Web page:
SpaceX's 23rd Dragon Departs The Space Station To Return Important Cargo To Earth

Evelyn Arevalo by Evelyn Arevalo September 30, 2021

SpaceX's 23rd Dragon Departs The Space Station To Return Important Cargo To Earth

On Thursday, September 30, SpaceX’s Dragon departed the International Space Station (ISS) to return important cargo to Earth as part of the completion of SpaceX’s 23rd Commercial Resupply Services (CRS-23) mission for NASA. The Dragon spacecraft arrived on August 30, delivering over 4,500 pounds of cargo to the orbiting laboratory. It remained docked to the ISS Harmony module for a month. The Expedition 65 astronauts packed Dragon with supplies that are no longer needed at ISS, also the results of science research they conducted in microgravity.

Before Dragon departed from the Space Station, SpaceX Crew-2 astronauts signed the capsule's interior. –“We have a tradition in space (yes another one) to add a sticker and sign the hatch for all visiting spacecraft,” European Space Agency Astronaut Thomas Pesquet shared, “Here we are signing our SpaceX Crew Dragon – the second time, after relocation!” he captioned a set of photographs.

 

Dragon undocked at 9:12 a.m. EDT (1312 GMT) on Thursday while the station was travelling over the Pacific Ocean. NASA astronaut Shane Kimbrough monitored Dragon’s autonomous docking operation that was commanded by Mission Control at SpaceX headquarters in Hawthorne, California. “I want to give a huge thank you to the SpaceX and the NASA teams for getting this vehicle up to us in great shape, with a lot of science and surprise for the ISS,” Kimbrough said during NASA’s Live undocking operation broadcast. “The activities associated with SpaceX-23 kept our crew busy over the past month. We look forward to hearing about the results of the payloads we interacted with. Have a safe journey back to Earth,” he said.

 

Dragon moved away from ISS to prepare for a deorbit burn sequence that will take the capsule through Earth’s atmosphere. The spacecraft will conduct a parachute-assisted splashdown in the ocean along Florida’s coast at approximately 11:00 p.m. EDT, bringing back 4,600 pounds of cargo. “NASA and SpaceX personnel will be on support boats ready to retrieve the cargo craft containing station hardware and completed science experiments for analysis,” the agency said in a press release.

Upon recovery, teams will transport Dragon to NASA's Space Station Processing Facility at the Kennedy Space Center, which is located near the splashdown site. It is vital for Dragon to land near NASA facilities because recovery teams need to extract important science cargo as soon as possible, to minimize the potential for the effects of gravity to affect the science research results. Expedition 65 astronauts conducted all the research at the ISS Lab, research conducted in microgravity enables scientists to learn how Earth and space environment affect different conditions and potentially develop new technologies and medical treatments to improve people’s lives. Some of the important cargo Dragon will bring back includes:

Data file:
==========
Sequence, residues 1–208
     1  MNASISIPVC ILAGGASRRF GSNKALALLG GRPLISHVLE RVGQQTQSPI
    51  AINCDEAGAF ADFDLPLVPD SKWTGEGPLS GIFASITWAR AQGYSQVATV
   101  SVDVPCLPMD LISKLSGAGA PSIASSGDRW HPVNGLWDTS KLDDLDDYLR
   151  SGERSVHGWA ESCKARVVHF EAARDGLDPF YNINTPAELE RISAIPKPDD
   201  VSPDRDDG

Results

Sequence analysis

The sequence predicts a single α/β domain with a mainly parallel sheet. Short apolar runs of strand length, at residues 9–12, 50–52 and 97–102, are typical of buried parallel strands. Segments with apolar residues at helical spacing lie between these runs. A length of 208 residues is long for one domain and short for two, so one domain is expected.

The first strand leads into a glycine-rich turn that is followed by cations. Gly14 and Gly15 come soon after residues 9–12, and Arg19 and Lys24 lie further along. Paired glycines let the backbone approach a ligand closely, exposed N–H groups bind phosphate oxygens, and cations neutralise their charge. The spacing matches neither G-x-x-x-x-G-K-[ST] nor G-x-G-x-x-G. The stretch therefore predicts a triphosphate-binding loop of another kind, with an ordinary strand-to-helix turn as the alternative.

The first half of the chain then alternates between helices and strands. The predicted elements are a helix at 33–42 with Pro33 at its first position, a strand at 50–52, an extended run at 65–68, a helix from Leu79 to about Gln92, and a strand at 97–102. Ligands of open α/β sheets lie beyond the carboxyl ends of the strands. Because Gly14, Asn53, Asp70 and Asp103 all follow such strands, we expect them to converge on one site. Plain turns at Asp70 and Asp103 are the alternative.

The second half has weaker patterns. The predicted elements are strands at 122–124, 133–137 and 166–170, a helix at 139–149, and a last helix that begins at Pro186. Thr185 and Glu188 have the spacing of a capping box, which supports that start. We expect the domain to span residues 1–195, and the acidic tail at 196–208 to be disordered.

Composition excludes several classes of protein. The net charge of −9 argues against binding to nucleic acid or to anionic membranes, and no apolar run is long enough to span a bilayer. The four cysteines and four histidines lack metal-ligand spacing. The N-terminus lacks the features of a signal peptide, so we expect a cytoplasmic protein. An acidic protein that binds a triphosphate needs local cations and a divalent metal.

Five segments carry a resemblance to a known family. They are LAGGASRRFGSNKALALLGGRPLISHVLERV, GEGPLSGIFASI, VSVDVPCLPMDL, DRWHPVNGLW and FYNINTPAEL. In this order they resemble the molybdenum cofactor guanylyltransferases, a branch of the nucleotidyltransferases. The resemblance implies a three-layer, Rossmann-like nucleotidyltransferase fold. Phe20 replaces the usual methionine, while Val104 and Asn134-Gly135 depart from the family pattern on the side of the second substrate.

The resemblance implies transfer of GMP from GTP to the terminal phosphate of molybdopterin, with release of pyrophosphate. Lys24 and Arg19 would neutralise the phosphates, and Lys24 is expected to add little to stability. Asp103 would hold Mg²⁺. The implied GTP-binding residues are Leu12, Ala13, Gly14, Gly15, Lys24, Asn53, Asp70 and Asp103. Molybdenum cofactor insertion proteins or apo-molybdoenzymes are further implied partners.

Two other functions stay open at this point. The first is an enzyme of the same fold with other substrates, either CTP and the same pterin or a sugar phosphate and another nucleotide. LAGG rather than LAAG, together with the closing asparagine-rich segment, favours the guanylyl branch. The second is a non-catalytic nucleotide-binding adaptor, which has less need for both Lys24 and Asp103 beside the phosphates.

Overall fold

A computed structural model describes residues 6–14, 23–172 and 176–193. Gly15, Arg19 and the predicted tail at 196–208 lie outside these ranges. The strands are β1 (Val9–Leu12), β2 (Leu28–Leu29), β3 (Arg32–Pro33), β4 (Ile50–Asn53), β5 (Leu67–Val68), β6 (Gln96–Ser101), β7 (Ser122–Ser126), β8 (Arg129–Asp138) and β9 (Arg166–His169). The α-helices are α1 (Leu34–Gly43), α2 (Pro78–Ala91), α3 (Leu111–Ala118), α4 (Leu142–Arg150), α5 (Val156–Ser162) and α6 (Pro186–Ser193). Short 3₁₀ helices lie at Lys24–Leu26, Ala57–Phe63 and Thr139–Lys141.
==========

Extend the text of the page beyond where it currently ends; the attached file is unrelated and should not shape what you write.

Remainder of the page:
The 'Ring Sheared Drop' experiment which "examines the formation and flow of abnormal proteins, called amyloids, in the absence of solid walls, which can influence chemical interactions." The results of this research will help scientists better understand neurodegenerative diseases, like Alzheimer’s.

The 'Anti-Atrophy' research is another experiment Expedition 65 astronauts conducted in microgravity that will return aboard CRS-23 Dragon. Astronauts tested "the ability of biomaterials to inhibit muscle atrophy in microgravity." Through this experiment, researchers hope to produce pharmaceuticals to prevent muscle atrophy on Earth and in space environments. 

The results of 'Genes in Space-8' research will also be shipped back to Earth. Through this research, astronauts tested a technology that monitors gene expression in space, specifically in a liver. Scientists hope to figure out if spaceflight affects vital organs. Analyzing the gene expression in space conditions may help medical engineers develop new therapies and technology for humans adapt to spaceflight. 

Featured Image Source: NASA 





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